At this stage, they don't know when it will be possible to return to their home, but early indications are that it might not be for some time.   Unfortunately, there's not a lot that can be done from this distance to relieve the situation.

Update:   we have now spoken to one of the displaced cousins.  Naturally they are finding the whole situation distressing.  They're critical of the lack of warning they received and the general "unresponsiveness" of the authorities (notwithstanding that the TV images convey a different impression).

Monday, 19 May 2014

St Aidan's

One of the highpoints of the time we sent living in Perth was the welcome we received at St Aidan's Uniting Church at Claremont.

We returned to visit St Aidan's and received an extremely warm welcome even though it has been over 10 years since we attended regularly (we have visited once or twice in the intervening years when in Perth).   It was indeed lovely to catch up with a number of familiar faces and also to see the renovations that have made to their buildings.  

Sunday, 18 May 2014


We had a leisurely lunch with some relatives (kumovi), which included a catch up with baby E (now 19 months and very attentive!).  

Freshwater Bay
Then we spent a few minutes checking the views over the Swan River at dusk, followed by an early dinner at - yes, predictably? - Cottlesloe again!    This time, it was at Indiana, which was very acceptable.   Pity it was dark so the ocean view was limited to the lights of the ships out at anchor.

Saturday, 17 May 2014

Old haunts

Our first full day in Perth was a bit of a retrospective! However, our first stop was the new Bib & Tucker cafe/restaurant which had been recommended to us. Well, it's part of the Leighton Beach development, and it just oozes “trendiness”. Certainly, our initial impression was that the Attitude (capital “A”) was consistent with this. As a result, we limited our orders to coffee, but on inspection the food menu looked good, as did the appearance of meals as they emerged from the open kitchen. Perhaps we just arrived at a bad time?

We moved on to check out Fremantle. The maze of streets, the “cappuccino strip” (in spite of the fact that there are plenty of other places these days that now have just as many coffee venues), the markets, the harbour area – all familiar, although there has been some incremental development. Lots of people around, which was nice to see, although my personal impression is that they're largely tourists (including probably visitors on working holiday visas). There's always been just a slight bit of “edginess” to Freo, and this is still discernible.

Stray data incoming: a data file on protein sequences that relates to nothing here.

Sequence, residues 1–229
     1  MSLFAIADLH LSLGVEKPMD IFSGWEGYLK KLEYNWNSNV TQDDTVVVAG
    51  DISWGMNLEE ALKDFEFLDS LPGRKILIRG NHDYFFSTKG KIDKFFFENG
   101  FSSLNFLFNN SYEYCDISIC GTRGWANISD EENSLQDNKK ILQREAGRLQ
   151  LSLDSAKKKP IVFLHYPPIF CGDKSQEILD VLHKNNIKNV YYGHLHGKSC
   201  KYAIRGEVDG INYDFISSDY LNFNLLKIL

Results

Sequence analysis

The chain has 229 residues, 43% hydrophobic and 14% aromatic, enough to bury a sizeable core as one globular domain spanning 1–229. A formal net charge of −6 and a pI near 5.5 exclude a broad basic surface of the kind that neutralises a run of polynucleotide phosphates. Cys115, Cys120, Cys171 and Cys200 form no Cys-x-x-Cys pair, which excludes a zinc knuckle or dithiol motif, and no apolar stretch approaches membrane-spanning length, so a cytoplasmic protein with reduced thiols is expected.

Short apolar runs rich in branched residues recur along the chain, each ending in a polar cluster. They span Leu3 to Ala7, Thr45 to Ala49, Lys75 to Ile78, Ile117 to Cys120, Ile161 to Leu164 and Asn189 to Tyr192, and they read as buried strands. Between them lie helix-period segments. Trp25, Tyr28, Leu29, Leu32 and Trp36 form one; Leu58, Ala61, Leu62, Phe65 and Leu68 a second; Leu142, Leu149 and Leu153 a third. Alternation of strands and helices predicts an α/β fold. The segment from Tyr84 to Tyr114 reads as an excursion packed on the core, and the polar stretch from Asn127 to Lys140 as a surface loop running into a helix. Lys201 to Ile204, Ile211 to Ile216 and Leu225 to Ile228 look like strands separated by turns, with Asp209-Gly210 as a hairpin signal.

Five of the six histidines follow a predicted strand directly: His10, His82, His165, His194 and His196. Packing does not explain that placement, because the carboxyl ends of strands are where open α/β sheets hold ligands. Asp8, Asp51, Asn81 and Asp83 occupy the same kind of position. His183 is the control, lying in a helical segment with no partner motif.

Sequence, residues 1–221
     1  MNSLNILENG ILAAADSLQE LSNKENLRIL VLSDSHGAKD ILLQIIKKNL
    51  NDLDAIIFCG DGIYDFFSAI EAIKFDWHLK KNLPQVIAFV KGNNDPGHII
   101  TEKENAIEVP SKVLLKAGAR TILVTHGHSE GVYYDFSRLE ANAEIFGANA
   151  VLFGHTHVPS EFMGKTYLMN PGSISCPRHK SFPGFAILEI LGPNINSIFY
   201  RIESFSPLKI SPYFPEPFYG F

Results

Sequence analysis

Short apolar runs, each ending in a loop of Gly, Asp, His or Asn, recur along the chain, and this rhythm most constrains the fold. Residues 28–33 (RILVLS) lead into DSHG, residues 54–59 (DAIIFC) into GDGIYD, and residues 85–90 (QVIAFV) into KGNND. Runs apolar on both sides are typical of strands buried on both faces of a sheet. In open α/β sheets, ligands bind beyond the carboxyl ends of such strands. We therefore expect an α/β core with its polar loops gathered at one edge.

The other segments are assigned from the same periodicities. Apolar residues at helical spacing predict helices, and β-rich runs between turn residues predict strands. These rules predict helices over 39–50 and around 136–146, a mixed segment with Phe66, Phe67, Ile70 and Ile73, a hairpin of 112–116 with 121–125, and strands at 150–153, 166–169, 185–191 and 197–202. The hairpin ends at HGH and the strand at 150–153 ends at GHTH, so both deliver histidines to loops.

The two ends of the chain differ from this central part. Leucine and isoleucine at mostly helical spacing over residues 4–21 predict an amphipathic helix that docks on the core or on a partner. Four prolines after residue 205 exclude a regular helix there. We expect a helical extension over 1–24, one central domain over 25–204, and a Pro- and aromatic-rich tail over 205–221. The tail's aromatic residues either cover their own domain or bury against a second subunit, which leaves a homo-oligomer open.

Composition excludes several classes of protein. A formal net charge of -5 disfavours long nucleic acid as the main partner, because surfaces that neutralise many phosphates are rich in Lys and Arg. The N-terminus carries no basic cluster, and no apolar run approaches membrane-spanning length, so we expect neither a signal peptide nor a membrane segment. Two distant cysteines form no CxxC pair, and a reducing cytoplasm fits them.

The Indiana - unchanged
Then back to Cott. Yes, lunch at the Blue Duck! And we weren't disappointed: a friendly welcome and efficient service while sitting on the deck. Let's clear the air about sitting on the open deck in Perth: the sun is often nice BUT the pictures don't convey that on most days there's a “sea breeze” from the south west which sometimes becomes progressively stronger over the course of the day, although it wasn't too bad today. Lunch was followed by a journey back in time, walking along the beachfront, admiring the dogs, dodging the joggers, inspecting the Indiana and the pylon, and completed by a stroll on the groyne.

On the way back to our accommodation we obviously drove down Loma St (again, only incremental changes) and stopped for a few minutes to look at the Napoleon Street shops: outwardly affluent as always (coffee shops, jewellers, travel agents, the original “Dome”), seemingly well-patronised. “The Grove” shopping centre is now “Cottesloe Central”, and of all things, Bunnings now occupies the space at one time occupied by Harris Scarfe.

For dinner, we went to Shafto Lane:    lots of activity, noisy, there is life in Perth after dark, after all.

Friday, 16 May 2014

Busselton to Perth via Mandurah

After checking out of the Sebel (our accommodation on the outskirts of Busselton), we had a coffee at the Goose, which is one of several restaurants near the Busselton Jetty. We saw the little train that runs out along the jetty, but the return trip takes about 45 minutes, and presumably you have to add an hour to this if you visit the underwater observatory.
"Train" on Busselton jetty

So after our coffee, we headed in the direction of Perth, stopping for lunch in Mandurah where we had a good view of the dolphin that came into the estuary, presumably enticed by the food provided for it to eat (much splashing and jumping). Anything left over was taken by the pelican!

Our accommodation in Perth is quite centrally located, in Victoria Av. The central location wasn't particularly important, but car parking was, and frankly getting a less-than-exorbitantly priced self-catering studio with parking in Perth took some research. So the central location was a bonus. We took a walk around the CBD area after arriving; yes, things have got a bit busier since our time here, but there are still occasional glimpses of the “big country town” to be had, at least for those of us who are on the lookout for such things (such as, all the shops except the supermarket close promptly at 6 pm).

Thursday, 15 May 2014

Ngilgi cave and lunch